77. A system in accordance with claim 76, wherein said timing violation is a control point timing violation caused by a control point circuit.
78. A system in accordance with claim 77, said predetermined identification protocols comprising:
a protocol to compare each path in said separated paths in said first comparison output path-list with a predetermined control-point-insertion database to identify said control-point timing violation circuits in said path,
wherein said constraint file includes said identified control-point timing violation circuits in said path.
79. A system in accordance with claim 76, wherein said timing violation is an observe point timing violation caused by an observe point circuit.
80. A system in accordance with claim 79, said predetermined identification protocols comprising:
a protocol to compare each path in said separated paths in said first comparison output path-list with a predetermined observe-point-insertion database to identify said observe-point timing violation circuits in said path,
wherein said constraint file includes said identified observe-point timing violation circuits in said path.
81. A system in accordance with claim 76, wherein said timing violation is an x-bounding timing violation caused by an x-bounding circuit.
82. A system in accordance with claim 81, said predetermined identification protocols comprising:
a protocol to compare each path in said separated paths in said first comparison output path-list with a predetermined x-bounding-insertion database to identify said x-bounding timing violation circuits in said path,
wherein said constraint file includes said identified x-bounding timing violation circuits in said path.
83. A system in accordance with claim 82, wherein said modifier subsystem comprising:
a suppression subsystem adapted to suppress a capture of said last traversed scan-enabled electronic flip-flop in each said path.
84. A system in accordance with claim 82, further comprising:
a determination subsystem adapted to determine each path in said first netlist with LBIST whose first traversed circuit component is a first circuit component in said predetermined sequence of circuit components in each said separated path; and
a suppression subsystem adapted to suppress a capture of a last traversed scan-enabled electronic flip-flop in each of said determined paths.
85. A system in accordance with claim 74, wherein said comparator subsystem compares said LBIST mode timing violations output path-list with said functional mode timing violations output path-list, generates a second comparison output path-list; and identifies in said second comparison output path-list a path with a timing violation.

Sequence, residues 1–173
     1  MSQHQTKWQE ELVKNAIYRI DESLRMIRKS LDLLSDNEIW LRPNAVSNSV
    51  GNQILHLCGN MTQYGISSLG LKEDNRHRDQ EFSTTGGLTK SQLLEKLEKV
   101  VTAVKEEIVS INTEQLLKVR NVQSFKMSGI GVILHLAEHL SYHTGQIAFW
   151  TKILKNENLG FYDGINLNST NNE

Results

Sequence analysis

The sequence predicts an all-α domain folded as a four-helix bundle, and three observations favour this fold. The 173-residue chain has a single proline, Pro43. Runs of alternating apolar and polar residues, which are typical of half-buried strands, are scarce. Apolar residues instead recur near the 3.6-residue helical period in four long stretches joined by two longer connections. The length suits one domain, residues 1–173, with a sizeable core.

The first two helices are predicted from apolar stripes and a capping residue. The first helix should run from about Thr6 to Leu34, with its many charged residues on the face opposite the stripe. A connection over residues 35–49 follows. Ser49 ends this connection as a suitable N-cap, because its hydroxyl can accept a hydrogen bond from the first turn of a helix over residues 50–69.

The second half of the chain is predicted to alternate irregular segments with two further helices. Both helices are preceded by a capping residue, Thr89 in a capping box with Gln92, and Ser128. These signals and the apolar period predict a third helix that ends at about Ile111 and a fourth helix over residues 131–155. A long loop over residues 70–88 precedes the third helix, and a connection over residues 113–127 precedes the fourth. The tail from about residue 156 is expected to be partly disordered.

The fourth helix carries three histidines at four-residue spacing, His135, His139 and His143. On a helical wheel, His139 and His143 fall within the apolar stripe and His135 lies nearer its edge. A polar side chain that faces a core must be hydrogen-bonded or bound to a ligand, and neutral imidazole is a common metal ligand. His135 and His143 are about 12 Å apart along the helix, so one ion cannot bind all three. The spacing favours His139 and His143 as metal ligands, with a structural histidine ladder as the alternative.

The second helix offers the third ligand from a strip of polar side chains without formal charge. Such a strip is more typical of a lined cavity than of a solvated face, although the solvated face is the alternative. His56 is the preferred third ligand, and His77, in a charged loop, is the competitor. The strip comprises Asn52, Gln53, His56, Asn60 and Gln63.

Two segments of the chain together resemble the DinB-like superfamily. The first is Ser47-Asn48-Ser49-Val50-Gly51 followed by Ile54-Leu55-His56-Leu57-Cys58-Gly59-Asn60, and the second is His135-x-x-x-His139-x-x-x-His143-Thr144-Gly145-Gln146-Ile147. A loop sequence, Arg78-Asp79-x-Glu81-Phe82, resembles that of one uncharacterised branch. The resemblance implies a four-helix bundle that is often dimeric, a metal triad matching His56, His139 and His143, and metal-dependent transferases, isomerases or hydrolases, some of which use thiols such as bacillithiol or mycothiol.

86. A system in accordance with claim 85, wherein said comparator subsystem further comprises:
a separator subsystem adapted to separate each path in said LBIST mode timing violations output path-list exclusive from said functional mode timing violations output path-list wherein said constraints file includes said separated paths.
87. A system in accordance with claim 86, wherein said timing violation is a multi-cycle-path violation.
88. A system in accordance with claim 86, wherein said timing violation is a false-path violation.
89. A system in accordance with claim 86, further comprising:
a suppression subsystem adapted to suppress a capture of a last traversed scan-enabled electronic flip-flop in said separated paths.
90. A system in accordance with claim 89, wherein said suppressed component is a receiving flip-flop.
91. A program storage device readable by a machine, tangibly embodying a program of instructions executable by the machine to perform a method for resolving timing violations introduced by a logic built-in self test (LBIST) sub-circuit formed within an underlying integrated circuit, said method comprising:
analyzing a circuit path-list corresponding to said integrated circuit for timing violations and generating a primary timing violations analysis output;
generating a first netlist with LBIST based on said circuit path-list and an LBIST path-list corresponding to said LBIST sub-circuit;
analyzing said first netlist with LBIST for timing violations and generating secondary timing violations analysis output;
comparing said secondary timing violations analysis output with said primary timing violations analysis output;
generating an LBIST insertion constraint file based on said comparing; and
generating a second netlist with LBIST based on said circuit path-list, said LBIST path-list, and said constraints file wherein said timing violations introduced by said LBIST sub-circuit are resolved in said second netlist with LBIST.
Description
FIELD OF THE INVENTION

The present invention is generally directed to the testing of integrated circuits. More particularly, the present invention is directed to the testing of integrated circuits using logic built-in self test.

BACKGROUND OF THE INVENTION